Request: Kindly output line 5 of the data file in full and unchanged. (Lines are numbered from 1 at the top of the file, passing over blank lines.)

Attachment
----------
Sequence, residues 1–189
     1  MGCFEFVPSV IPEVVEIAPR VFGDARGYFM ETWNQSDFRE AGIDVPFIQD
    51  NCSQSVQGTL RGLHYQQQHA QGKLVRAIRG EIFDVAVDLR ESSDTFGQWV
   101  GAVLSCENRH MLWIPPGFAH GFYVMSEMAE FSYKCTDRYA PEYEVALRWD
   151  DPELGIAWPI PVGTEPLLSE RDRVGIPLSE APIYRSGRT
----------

   151  DPELGIAWPI PVGTEPLLSE RDRVGIPLSE APIYRSGRT